- Auguste Rodin
- Inscribed with the signature A. Rodin
- Synnada marble
Siegfried Buchenau, Gut Weißenrode, Niendorf nr. Lübeck (acquired from the above circa 1922)
Thence by descent to the previous owner
Letter from Max Linde to Auguste Rodin, October 17, 1900
Letter from Max Linde to Auguste Rodin, October 28, 1900
Letter from Auguste Rodin to Max Linde, November 2, 1900
Letter from Auguste Rodin to Max Linde, December 17, 1900
Letter from Auguste Rodin to Max Linde, March 19, 1901
Letter from Max Linde to Auguste Rodin, July 4, 1901
Letter from Auguste Rodin to Max Linde, July 7, 1901
Letter from Max Linde to Auguste Rodin, late August (?) 1901
Letter from Auguste Rodin to Max Linde, September 1, 1901
Emil Heilbut, "Die Sammlung Linde in Lübeck," in Kunst und Künstler, vol. 2, October 1903, mentioned pp. 6-20
Emil Heilbut, "Die Sammlung Linde in Lübeck," in Kunst und Künstler, vol. 2, May 1904, illustrated p. 316.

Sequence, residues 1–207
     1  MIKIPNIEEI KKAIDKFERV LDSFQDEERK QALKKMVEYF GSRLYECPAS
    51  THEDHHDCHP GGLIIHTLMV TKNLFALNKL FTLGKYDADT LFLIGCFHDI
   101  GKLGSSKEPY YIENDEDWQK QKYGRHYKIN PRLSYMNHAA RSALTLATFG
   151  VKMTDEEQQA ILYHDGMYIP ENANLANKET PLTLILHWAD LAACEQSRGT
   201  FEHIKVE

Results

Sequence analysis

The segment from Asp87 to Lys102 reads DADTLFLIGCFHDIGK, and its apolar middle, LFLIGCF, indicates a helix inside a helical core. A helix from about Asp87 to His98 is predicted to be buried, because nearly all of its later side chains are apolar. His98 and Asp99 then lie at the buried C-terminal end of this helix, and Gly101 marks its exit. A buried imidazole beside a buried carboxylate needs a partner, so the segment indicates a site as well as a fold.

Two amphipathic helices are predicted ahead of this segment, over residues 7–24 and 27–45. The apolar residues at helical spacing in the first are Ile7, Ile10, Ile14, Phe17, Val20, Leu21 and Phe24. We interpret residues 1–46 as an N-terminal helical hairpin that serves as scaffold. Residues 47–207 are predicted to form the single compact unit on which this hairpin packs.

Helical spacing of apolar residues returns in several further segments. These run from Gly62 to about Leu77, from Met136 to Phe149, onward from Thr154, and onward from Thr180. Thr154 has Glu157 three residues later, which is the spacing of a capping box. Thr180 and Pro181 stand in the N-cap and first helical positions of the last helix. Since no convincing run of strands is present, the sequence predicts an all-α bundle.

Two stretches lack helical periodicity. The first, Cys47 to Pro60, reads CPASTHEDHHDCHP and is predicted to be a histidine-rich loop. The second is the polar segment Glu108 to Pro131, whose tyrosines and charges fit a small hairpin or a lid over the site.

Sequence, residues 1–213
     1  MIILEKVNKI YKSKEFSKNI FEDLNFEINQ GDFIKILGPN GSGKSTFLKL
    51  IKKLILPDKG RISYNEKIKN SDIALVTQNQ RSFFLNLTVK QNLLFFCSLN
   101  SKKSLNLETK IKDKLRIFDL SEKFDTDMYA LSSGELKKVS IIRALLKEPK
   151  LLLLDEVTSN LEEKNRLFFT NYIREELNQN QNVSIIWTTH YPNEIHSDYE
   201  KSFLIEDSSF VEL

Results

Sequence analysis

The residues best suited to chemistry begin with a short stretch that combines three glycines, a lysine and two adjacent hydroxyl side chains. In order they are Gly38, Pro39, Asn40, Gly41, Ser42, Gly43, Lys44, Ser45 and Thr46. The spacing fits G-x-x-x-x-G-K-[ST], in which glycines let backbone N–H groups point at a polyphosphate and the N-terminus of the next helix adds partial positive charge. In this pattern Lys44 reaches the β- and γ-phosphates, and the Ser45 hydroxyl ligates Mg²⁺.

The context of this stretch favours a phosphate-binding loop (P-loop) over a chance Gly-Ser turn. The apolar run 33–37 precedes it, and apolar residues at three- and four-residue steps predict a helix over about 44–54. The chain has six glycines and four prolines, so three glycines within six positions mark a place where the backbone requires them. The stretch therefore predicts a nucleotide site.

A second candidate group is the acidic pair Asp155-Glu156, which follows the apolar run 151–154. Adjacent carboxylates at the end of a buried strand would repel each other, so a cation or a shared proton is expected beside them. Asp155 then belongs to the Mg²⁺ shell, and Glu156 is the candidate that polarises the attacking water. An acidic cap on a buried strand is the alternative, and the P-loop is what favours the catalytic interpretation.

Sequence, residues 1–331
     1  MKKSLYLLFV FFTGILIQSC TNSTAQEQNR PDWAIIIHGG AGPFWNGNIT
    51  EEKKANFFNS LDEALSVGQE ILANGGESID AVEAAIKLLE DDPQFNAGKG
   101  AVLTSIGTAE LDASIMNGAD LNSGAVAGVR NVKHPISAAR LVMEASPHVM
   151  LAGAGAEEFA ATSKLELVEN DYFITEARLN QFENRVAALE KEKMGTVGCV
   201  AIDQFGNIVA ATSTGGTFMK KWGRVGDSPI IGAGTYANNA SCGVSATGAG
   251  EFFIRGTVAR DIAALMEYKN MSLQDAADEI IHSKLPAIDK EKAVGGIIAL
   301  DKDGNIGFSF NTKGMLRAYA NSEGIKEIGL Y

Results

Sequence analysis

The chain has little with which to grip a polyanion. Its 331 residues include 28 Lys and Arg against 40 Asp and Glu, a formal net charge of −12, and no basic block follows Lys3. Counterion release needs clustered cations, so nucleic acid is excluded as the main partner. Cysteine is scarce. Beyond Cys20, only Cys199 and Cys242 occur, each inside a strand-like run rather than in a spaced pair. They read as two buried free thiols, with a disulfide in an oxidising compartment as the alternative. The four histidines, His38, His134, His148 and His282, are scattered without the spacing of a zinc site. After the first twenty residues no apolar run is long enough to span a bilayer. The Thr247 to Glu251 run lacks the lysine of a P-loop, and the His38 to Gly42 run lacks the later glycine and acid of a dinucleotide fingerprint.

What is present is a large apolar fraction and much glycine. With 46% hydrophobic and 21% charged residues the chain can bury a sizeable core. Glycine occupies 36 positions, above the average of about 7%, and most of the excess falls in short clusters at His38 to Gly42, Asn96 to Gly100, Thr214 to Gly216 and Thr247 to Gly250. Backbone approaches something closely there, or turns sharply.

Rainer Maria Rilke, Auguste Rodin, Leipzig, 1922, illustration of another version pls. 22 et 23
Léonce Benedite, Rodin – A Series of 60 Photogravure Plates, London, 1924, illustration of another version pl. XVI
Judith Cladel, Auguste Rodin, sa Vie glorieuse, sa Vie inconnue, Paris, 1936, pp. 142- 143
Georges Grappe, Le Musée Rodin, Monaco, 1944, illustration of another version p. 44
Marcel Aubert, Rodin Sculptures, Paris, 1952, illustration of another version p. 21
Albert E. Elsen, Auguste Rodin, London, 1962, illustration of another version p. 51
Cécile Goldscheider, Rodin, Paris, 1962, illustration of another version p. 61